Cavaliers bounce Ricky Davis to Celtics in six-player deal

By TOM WITHERS, AP Sports Writer

CLEVELAND (AP) - With the losses quickly piling up, the Cleveland Cavaliers had to shake up their roster by trading one of their most talented players.

Ricky Davis was also their most troublesome.

Cleveland sent the enigmatic guard to the Boston Celtics on Monday in a six-player deal that the struggling Cavs (6-18) hope can make them better right away.

In addition, the Cavs dealt forwards Chris Mihm and Michael Stewart to the Celtics for forwards Eric Williams, Tony Battie and center Kedrick Brown.

The swap also includes Cleveland giving the Celtics back a second-round pick it received from Boston in a trade last summer.

"This isn't a knee-jerk reaction to us having to get rid of Ricky," Cleveland general manager Jim Paxson said. "We had to do something we thought would help us."

Davis' departure ends his rocky relationship with first-year Cleveland coach Paul Silas, who appreciated the 6-foot-7 swingman's skills but didn't like his attitude.

"The new guys will help us win games," Silas said. "The atmosphere will change, and it had to. We needed some veteran men who have been in a winning situation, that's the main thing."

The Cavs are counting on Williams and Battie -- two solid defenders with playoff experience -- to help take some pressure off rookie star LeBron James.

"We wanted to add some veterans around him so he doesn't have to shoulder it alone," general manager Jim Paxson said.

The trade came a few hours before Cleveland played Indiana, leaving the Cavs with just nine players to face the powerful Pacers, whose 95-85 win was Cleveland's 34th straight road loss.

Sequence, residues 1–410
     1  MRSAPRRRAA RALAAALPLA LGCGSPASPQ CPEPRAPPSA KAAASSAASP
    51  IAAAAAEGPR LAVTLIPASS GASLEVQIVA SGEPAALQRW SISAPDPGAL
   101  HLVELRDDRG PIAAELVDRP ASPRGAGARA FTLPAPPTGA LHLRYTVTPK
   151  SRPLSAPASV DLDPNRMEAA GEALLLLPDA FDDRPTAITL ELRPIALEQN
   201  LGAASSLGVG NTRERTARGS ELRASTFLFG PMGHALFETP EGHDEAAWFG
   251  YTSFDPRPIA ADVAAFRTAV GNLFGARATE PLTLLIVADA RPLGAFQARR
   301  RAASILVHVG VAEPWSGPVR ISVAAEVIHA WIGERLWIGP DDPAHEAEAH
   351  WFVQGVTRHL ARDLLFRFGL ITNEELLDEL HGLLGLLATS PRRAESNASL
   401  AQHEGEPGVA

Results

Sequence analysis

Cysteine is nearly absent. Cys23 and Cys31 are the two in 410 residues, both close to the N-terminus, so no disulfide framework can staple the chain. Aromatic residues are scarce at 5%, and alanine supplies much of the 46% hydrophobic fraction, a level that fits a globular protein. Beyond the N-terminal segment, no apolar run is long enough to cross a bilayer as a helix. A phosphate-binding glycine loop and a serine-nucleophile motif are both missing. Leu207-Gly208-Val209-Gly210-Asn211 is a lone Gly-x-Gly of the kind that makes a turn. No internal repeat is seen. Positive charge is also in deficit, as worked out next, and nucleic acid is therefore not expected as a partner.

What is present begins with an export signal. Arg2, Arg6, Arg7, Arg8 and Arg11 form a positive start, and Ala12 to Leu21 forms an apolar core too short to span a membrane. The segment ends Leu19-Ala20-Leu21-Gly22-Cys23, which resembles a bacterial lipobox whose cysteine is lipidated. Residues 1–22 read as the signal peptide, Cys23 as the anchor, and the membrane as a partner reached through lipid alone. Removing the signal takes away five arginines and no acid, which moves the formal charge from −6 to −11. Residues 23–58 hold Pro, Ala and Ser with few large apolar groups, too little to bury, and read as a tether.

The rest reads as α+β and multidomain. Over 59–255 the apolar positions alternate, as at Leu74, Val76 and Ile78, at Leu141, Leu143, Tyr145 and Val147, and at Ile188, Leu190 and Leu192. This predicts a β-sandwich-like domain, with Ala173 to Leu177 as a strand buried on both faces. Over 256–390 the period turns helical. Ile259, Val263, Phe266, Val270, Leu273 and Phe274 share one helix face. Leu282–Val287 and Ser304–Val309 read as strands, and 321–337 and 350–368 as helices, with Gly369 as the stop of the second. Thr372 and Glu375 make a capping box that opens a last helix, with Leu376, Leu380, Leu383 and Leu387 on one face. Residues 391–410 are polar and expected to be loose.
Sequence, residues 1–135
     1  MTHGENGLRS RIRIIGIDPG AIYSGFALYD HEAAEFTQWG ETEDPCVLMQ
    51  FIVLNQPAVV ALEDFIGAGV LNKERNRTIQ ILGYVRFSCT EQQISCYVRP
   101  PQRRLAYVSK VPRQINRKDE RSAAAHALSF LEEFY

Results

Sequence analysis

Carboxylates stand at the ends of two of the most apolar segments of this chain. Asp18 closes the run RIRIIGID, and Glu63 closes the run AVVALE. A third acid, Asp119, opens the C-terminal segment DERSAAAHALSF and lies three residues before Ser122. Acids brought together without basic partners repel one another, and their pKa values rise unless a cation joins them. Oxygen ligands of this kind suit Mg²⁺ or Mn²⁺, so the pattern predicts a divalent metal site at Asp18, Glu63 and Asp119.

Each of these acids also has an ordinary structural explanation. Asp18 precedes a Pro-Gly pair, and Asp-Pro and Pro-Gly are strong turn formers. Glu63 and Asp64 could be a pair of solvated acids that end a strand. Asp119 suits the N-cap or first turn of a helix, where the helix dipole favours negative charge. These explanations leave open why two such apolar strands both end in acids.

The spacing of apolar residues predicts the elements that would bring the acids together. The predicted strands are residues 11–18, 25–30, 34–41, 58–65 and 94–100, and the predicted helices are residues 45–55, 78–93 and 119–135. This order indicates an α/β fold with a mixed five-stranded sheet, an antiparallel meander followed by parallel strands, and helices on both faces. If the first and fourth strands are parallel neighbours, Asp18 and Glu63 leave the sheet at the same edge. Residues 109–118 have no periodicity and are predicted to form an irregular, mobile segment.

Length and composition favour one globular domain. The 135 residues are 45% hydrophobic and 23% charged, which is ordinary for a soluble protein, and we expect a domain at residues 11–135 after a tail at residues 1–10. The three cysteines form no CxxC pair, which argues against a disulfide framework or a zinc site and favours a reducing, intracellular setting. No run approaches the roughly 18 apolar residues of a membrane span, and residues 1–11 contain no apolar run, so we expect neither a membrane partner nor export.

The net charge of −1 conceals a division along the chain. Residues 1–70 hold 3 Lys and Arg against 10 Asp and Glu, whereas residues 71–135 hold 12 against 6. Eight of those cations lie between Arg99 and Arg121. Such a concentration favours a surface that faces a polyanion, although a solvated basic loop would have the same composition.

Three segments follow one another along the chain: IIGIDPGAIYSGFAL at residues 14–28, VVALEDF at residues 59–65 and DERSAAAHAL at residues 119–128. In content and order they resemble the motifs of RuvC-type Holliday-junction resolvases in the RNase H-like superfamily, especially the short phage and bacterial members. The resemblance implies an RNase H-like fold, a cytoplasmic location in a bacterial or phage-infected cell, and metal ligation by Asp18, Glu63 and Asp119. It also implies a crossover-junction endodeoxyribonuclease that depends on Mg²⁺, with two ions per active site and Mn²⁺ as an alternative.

Before the season, many wondered if Davis would be able to coexist with Silas and James. Publicly all three parties said there were no problems, but privately there were issues.

Still, after being traded, Davis went to James' hotel room to say goodbye and wish the No. 1 draft pick good luck.

"We were a lot closer than anybody else thought," James said. "He helped me a lot. Everybody else thought we wouldn't get along, but for the most part, we did."

Was Davis a bad influence?

"That's not true," James said.

Paxson had trade talks with several teams this season about Davis, a prolific scorer who has butted heads with coaches and teammates throughout his career.

The five-year veteran had a breakout season in 2002-03, leading Cleveland in scoring with 20.2 points, assists, steals, minutes and 3-point percentage.

But Davis was unable shake his reputation as a selfish player.

His me-before-the-team attitude reached its peak during a game against Utah last season, when Davis intentionally missed a shot at his own basket to try to get a rebound that he thought could give him his first career triple-double.

The Celtics are hoping a fresh start will inspire Davis.

"I think he's a fantastic talent," said Danny Ainge, Boston's director of basketball operations, who envisions Davis as a nice scoring complement to Paul Pierce. "He's a young man that has grown up, I believe, in the last little while and has some things to prove in his career."

Mihm, in the final year of his contract, was just beginning to blossom into a solid player for the Cavs.

The former first-round pick has played extremely well in a limited role. The 7-footer will help Boston immediately, with center Raef LaFrentz currently sidelined with a knee injury.

This is Ainge's second big trade, having sent Antoine Walker and Tony Delk to Dallas in October for LaFrentz, swingman Jiri Welsch, forward Chris Mills and a first-round draft pick.

For the Cavs, the key to the deal is Williams, a 6-foot-8 defensive specialist who was developing into one of the league's best sixth men in Boston. He's in the final year of his contract for $5.5 million.

Battie, who has three years and $14.4 million left on his deal, is averaging 5.9 points and 5.1 rebounds off the bench.

Brown was the 11th overall pick in the 2001 draft, but hasn't played much and is averaging just 5.2 points and 3.2 rebounds in limited minutes.

(Copyright 2003 by The Associated Press. All Rights Reserved.)